It’s often said that adversity builds character. But the impact of significant adversity walks a fine line, particularly among children. When children face hardships, such as the death of a loved one, violence in their household or even divorce, their growth and development can be disrupted.
Negative events, known as adverse childhood experiences (ACEs), have the power to influence early development, as well as cause long-term physical and mental health implications. And it’s more common than people think. The CDC estimates that two-thirds of people have experienced at least one ACE in their early years, and one out of five have experienced more than three. Those numbers are even higher in minorities and children in underprivileged areas that may be overexposed to stress-inducing intolerances, food insecurity or criminal violence. Such repeated exposure to damaging experiences can lead to the build up of toxic stress that can actually derail early neural development, leading to future health problems, including heart and liver disease, substance abuse and mental stability challenges.
Intervention and support of children experiencing adverse events is key. With proper support, we can help to alleviate the effects of childhood trauma and keep our children healthy for generations to come.
Providing Proper Support
The Center on the Developing Child at Harvard University has found that a major item that separates tolerable stress from toxic stress is positive, supportive relationships. When children are supported through their trauma by adults they trust, they are able to develop regulatory functions to help positively manage the stress they feel in adverse situations.
As a result, many healthcare systems, teachers and community organizations have taken action to identify and prevent ACEs by connecting children with resources and adult figures they need to cope.
At the Children’s Hospital of Illinois, staff developed an innovative preventative program to teach children coping strategies and avoid depression. The program, Chicago Urban Resiliency Building (CURB), provides a combination of counseling and web-based lessons over the course of three months. Learning proven interventions, the children are given techniques to manage toxic stress and express their feelings.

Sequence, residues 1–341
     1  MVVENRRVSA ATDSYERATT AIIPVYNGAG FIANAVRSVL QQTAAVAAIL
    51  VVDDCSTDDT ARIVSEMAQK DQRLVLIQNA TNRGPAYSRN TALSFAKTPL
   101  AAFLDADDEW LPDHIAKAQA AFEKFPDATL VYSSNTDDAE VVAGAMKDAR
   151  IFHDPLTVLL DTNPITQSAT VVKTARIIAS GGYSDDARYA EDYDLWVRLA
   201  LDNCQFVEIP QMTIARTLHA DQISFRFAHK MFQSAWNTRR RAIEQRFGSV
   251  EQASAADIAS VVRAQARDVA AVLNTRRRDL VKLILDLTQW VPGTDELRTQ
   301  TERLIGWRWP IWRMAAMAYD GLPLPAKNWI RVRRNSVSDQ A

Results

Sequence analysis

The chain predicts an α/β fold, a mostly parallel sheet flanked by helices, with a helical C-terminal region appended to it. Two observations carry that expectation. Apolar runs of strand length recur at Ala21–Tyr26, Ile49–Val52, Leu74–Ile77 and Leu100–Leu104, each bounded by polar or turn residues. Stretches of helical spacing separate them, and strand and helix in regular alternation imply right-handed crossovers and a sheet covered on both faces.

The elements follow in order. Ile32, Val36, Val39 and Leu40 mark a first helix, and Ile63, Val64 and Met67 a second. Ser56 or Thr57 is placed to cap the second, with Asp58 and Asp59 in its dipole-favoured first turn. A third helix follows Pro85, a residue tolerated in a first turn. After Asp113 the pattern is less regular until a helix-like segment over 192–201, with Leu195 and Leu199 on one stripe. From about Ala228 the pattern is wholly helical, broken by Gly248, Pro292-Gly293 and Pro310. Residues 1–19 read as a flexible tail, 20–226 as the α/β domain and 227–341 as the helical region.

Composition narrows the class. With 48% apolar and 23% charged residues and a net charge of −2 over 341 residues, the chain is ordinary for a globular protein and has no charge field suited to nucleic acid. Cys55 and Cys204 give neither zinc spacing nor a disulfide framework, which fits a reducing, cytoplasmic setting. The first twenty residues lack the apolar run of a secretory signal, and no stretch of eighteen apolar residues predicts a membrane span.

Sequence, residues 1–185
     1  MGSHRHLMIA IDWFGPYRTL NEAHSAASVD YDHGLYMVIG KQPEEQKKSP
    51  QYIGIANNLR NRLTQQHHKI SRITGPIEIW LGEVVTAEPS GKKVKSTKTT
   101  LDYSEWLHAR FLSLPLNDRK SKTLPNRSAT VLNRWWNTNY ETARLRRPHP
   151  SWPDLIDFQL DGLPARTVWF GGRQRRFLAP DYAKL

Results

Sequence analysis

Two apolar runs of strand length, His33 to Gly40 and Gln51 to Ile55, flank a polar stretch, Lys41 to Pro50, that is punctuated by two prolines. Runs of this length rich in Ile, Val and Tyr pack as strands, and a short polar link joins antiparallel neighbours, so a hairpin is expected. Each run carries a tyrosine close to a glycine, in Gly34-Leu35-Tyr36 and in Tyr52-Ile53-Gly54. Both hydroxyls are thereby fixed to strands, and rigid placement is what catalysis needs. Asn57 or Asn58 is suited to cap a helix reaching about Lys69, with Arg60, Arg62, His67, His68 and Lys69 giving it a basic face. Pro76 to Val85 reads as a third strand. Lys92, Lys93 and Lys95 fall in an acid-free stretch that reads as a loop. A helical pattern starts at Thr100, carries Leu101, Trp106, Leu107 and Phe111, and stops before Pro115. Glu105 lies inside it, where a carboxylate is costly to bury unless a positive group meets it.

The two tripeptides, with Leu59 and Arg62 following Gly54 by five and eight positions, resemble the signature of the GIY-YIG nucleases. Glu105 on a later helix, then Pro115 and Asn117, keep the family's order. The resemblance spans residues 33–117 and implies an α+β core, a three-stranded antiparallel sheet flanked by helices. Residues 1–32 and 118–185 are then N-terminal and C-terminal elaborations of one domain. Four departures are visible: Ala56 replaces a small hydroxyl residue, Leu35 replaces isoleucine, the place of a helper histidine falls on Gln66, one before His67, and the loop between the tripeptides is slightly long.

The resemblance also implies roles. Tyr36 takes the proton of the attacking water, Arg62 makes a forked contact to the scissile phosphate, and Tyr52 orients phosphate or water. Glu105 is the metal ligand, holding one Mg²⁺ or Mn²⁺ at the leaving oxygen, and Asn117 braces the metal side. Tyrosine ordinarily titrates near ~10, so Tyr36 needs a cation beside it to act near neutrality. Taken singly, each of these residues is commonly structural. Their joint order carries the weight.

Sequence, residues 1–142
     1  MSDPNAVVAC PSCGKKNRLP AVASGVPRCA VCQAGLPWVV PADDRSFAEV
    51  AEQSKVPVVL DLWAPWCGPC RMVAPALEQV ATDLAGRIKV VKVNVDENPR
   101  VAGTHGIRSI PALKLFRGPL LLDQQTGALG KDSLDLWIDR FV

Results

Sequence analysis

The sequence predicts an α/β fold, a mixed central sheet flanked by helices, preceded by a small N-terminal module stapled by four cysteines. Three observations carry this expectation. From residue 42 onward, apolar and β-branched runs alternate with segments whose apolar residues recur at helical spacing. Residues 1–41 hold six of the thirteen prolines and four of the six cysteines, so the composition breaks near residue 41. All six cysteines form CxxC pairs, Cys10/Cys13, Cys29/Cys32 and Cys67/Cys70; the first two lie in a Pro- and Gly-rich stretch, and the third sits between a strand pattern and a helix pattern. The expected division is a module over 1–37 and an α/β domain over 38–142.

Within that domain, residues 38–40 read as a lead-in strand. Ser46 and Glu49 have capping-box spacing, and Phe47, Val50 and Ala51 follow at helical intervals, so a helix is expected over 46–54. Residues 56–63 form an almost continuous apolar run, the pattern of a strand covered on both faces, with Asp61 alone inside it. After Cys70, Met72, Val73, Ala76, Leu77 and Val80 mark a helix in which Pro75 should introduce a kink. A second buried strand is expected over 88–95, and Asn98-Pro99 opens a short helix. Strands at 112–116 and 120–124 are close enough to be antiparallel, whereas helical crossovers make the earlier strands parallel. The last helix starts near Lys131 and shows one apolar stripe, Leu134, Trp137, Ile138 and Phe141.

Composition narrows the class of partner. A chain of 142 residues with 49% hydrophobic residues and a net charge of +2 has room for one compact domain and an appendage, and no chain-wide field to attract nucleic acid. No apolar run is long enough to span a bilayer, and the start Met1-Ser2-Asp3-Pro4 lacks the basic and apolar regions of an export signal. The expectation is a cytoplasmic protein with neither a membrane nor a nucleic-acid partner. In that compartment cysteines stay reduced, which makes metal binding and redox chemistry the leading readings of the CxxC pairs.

Similarly, educators, who often see children more than their parents, are taking individual steps to provide reassuring learning environments for their students. Melissa Steel King, a former teacher turned education activist, discussed how she, in the absence of proper training and resources, developed her own mechanisms for supporting students who experienced trauma. By allowing students to speak freely, developing a delineated safe space in the classroom, and encouraging healthy emotion management, King was able to boost the academic success of a young boy who witnessed his parents’ murder in his own home.
In addition to these initiatives, a closer interconnection between the medical and educational care of children can help to form a comprehensive system of support to help better care for children experiencing trauma. One way to tackle this is to integrate more robust healthcare systems into schools, in the form of school-based clinics that are already budding across the country.
As providers continue take population health into consideration, more solutions must be developed for addressing ACEs and toxic levels of stress in children. And addressing the social determinants that factor into exposure to trauma and stress in children is vital to ensuring the lifelong health of our children.